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Sainsbury's food label switch could save shoppers money

Press Association
Press Association
10 February 2012

Sainsbury's is changing its labels to tell shoppers they can freeze food up to the product's use-by date, which could save consumers from wasting both food and money.

Research from the Water & Resources Action Programme (Wrap) shows 60% of people believe food has to be frozen on the day they buy it, which is reinforced by current labelling.

Sainsbury's says changing this advice will help stop over-cautious shoppers throwing away tonnes of food each year.

Key Points

  • Sainsbury's rolling out new food labels

  • Labels say food can be frozen up to use-by date

  • Could save money by cutting down food waste

The new initiative involves removing the advice to 'freeze on day of purchase'. Instead, it tells people they should freeze food as soon as possible up to the product's use-by date.

Wrap figures show UK households waste around 7.2 million tonnes of food and drink every year, most of which could have been eaten, costing families up to £50 a month.

Last year, the Government released guidelines which said food packaging should only carry either a 'use-by' or 'best-before' date. It added that 'sell-by' and 'display-until' labels — used by stores for managing their stock — should be removed to avoid confusion for shoppers.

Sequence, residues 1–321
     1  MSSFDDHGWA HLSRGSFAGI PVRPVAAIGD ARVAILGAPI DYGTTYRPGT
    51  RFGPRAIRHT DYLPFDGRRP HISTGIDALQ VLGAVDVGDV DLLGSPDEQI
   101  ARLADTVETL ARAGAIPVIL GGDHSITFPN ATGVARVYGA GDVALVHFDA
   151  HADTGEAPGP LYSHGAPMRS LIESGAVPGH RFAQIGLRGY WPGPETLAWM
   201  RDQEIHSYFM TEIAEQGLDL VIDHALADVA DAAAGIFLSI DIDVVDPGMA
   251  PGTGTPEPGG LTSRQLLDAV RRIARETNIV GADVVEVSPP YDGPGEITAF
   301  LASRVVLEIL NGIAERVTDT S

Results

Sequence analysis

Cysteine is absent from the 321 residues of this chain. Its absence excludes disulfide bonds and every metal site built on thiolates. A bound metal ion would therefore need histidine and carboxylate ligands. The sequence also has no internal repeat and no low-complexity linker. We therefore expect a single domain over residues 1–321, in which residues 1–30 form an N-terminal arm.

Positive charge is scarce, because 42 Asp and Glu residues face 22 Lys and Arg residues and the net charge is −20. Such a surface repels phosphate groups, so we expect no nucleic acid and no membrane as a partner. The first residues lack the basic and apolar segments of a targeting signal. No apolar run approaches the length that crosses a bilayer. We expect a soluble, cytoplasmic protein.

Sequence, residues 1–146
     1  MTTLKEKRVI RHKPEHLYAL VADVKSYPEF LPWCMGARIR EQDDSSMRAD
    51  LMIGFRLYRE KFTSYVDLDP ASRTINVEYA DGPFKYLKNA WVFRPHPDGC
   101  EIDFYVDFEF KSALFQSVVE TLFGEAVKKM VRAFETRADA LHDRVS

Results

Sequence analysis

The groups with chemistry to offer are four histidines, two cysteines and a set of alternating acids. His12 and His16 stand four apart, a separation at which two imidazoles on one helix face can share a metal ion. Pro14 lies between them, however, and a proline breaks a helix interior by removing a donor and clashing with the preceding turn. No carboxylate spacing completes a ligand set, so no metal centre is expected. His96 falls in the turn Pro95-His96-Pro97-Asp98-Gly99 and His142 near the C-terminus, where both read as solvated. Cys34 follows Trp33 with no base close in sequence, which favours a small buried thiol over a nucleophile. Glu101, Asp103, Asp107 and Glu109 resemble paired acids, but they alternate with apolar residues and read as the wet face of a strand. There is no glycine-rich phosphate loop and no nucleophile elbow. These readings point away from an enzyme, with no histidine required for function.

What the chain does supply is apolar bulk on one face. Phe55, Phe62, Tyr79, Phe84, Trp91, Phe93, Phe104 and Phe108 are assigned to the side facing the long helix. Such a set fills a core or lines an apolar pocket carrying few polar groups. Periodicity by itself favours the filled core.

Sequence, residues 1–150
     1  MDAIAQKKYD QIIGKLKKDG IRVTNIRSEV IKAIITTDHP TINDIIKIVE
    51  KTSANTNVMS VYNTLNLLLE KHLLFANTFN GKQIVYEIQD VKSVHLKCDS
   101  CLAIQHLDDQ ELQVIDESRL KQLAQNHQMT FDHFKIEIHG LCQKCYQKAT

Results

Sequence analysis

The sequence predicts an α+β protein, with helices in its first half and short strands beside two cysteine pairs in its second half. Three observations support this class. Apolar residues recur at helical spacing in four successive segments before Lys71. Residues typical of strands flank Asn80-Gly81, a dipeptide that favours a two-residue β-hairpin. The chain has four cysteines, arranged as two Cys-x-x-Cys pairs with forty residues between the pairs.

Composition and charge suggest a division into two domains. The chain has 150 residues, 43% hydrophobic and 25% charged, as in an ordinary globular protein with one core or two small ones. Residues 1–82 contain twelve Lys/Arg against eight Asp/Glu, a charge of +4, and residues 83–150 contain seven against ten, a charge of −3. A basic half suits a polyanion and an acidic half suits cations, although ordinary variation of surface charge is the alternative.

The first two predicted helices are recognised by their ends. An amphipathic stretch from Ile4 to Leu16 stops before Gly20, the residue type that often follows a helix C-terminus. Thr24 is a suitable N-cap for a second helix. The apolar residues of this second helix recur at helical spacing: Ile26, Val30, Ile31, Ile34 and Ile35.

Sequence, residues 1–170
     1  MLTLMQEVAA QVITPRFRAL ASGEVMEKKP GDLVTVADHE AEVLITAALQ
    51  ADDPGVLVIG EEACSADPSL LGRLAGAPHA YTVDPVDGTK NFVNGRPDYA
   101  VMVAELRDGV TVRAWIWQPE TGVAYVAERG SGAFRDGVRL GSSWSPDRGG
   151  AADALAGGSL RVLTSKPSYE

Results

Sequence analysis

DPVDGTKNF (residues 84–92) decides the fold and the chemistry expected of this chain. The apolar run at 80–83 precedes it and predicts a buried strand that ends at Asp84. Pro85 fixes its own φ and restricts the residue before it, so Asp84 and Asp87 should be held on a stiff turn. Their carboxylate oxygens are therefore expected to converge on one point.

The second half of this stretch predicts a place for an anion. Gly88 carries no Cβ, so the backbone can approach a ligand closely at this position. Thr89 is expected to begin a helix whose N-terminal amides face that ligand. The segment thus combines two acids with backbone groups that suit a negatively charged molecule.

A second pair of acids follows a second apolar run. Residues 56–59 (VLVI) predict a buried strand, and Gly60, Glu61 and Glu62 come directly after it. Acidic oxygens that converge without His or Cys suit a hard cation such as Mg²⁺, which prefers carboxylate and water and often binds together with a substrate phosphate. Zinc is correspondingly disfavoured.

'Good news for family budgets'

Sainsbury's has joined forces with Wrap to launch the scheme, which it is rolling out across its stores.

Andrew Parry, consumer food waste prevention manager at Wrap, says: "Changing the guidance to freeze before the use by date is a welcome move.

"Now we can all look in our fridges and know that we can freeze most items which are about to go out of date and enjoy them at a later time.

"In doing so we can expect to reduce the amount of out-of-date food we throw away, which will in turn save us all money."

Environment Minister Lord Taylor says: "This is good common sense by Sainsbury's and it's good news for hard-pressed family budgets.

"We know households could save up to £680 a year by reducing food waste, and along with our food labelling guidance published last year this will help stop perfectly edible food being thrown away."

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